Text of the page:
spaceSpace and Physics

We Now Know Where That Mysterious Radioactive Cloud Came From


Robin Andrews

Science & Policy Writer

One village experienced radioactive contamination levels nealry 1,000 times that of the background level. Roberts Vicups/Shutterstock

Remember that mysterious radioactive cloud that fell over much of Europe at the end of September? A recent analysis by France’s Institute of Radiation Protection and Nuclear Safety (IRNS) placed the source of the leak with some confidence on the border of Kazakhstan and Russia – and it seems that they were absolutely spot on.

The cloud emerged from a facility in Chelyabinsk, a part of Russia fairly close to Kazakhstan that is most famous for its rendezvous with a rather powerful meteor back in 2013. The village of Argayash has been revealed to have experienced the most significant amount of radiation, that which exceeded the natural background levels by 986 times.


Rather curiously, the reason we absolutely know that the radiation first emerged from Chelyabinsk is that Russia – a notoriously secret state – has admitted to detecting the radioactive leak themselves.

“Probes of radioactive aerosols from monitoring stations Argayash and Novogorny were found to contain radioisotope Ru-106” between September 25 and October 1,” Rosgidromet, Russia’s meteorological agency, said.

This was a curious admission of truth, considering that not too long beforehand, Rosatom – the state-owned nuclear corporation – said that no traces of ruthenium-106 had been found anywhere in Russia except trace amounts in Saint Petersburg.

A probability map showing the most likely locations for the source of the radioactive plume. IRSN

The radiation cloud was primarily comprised of ruthenium-106, something that is produced during nuclear fission reactions. The lack of other radionuclides suggests it wasn’t some sort of reactor explosion but an accidental leak from a medical or storage facility of some sort.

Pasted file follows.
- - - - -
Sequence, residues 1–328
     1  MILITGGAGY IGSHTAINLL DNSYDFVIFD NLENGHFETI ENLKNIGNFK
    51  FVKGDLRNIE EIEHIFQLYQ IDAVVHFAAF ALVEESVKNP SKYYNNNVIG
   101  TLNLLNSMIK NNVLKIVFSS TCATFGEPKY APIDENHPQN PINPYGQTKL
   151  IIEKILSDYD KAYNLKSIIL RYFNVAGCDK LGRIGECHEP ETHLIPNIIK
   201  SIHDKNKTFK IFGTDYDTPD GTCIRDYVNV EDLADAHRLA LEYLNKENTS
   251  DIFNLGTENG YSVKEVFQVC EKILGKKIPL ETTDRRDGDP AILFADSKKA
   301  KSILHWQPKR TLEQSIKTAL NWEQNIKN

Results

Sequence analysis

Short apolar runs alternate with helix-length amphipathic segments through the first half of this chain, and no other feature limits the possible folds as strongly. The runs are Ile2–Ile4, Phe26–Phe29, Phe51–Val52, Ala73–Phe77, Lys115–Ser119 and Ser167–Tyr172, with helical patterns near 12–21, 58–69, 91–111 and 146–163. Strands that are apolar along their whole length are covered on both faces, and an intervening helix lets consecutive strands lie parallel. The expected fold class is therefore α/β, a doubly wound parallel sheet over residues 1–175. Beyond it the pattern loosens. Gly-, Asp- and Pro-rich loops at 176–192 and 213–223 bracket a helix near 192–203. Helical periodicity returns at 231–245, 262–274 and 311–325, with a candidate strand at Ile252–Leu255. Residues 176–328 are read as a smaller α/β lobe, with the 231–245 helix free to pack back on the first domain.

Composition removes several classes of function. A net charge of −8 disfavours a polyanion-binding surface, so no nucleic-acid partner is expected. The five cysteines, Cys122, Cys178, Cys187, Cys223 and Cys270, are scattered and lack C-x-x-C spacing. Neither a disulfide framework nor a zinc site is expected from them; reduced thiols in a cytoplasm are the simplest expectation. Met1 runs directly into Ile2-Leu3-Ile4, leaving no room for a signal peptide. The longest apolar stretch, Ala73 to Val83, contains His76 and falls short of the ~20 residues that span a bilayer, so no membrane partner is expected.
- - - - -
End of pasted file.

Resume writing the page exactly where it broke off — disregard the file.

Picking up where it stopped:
A few weeks back, the IRNS said that so much radiation would have been dumped around the source of the cloud that a rapid evacuation would have been necessary to save lives. The rest of Europe, incidentally, was never at risk of any sort of significant contamination – the short half-life of ruthenium-106 meant that by early October it could no longer be detected across the continent.

A precise location of the leak is still forthcoming, but it’s notable that the heavily irradiated Argayash is close to the Mayak nuclear facility, one which produces plutonium and reprocesses nuclear waste. Mayak is already infamous for the 1957 Kyshtym disaster in which radioactive matter was spread over an area where 272,000 people lived, and it now seems likely that this is the source of the most recent troublesome plume.

The 1957 disaster leaked hot particles over a vast, populated area. Jan Rieke, Commons; CC BY-SA 3.0

It’s not clear what the next steps will be, but plenty of concern abounds for those living in Argayash. At this point, it remains unknown whether they were evacuated following the leak, and if not, how badly they may have been contaminated.

[H/T: The Guardian]


spaceSpace and Physics
  • tag
  • Russia,

  • mystery,

  • location,

  • radioactive,

  • enigma,

  • cloud,

  • source,

  • accident,

  • Mayak,

  • plu,

  • eruthenium-106,

  • nuclear facility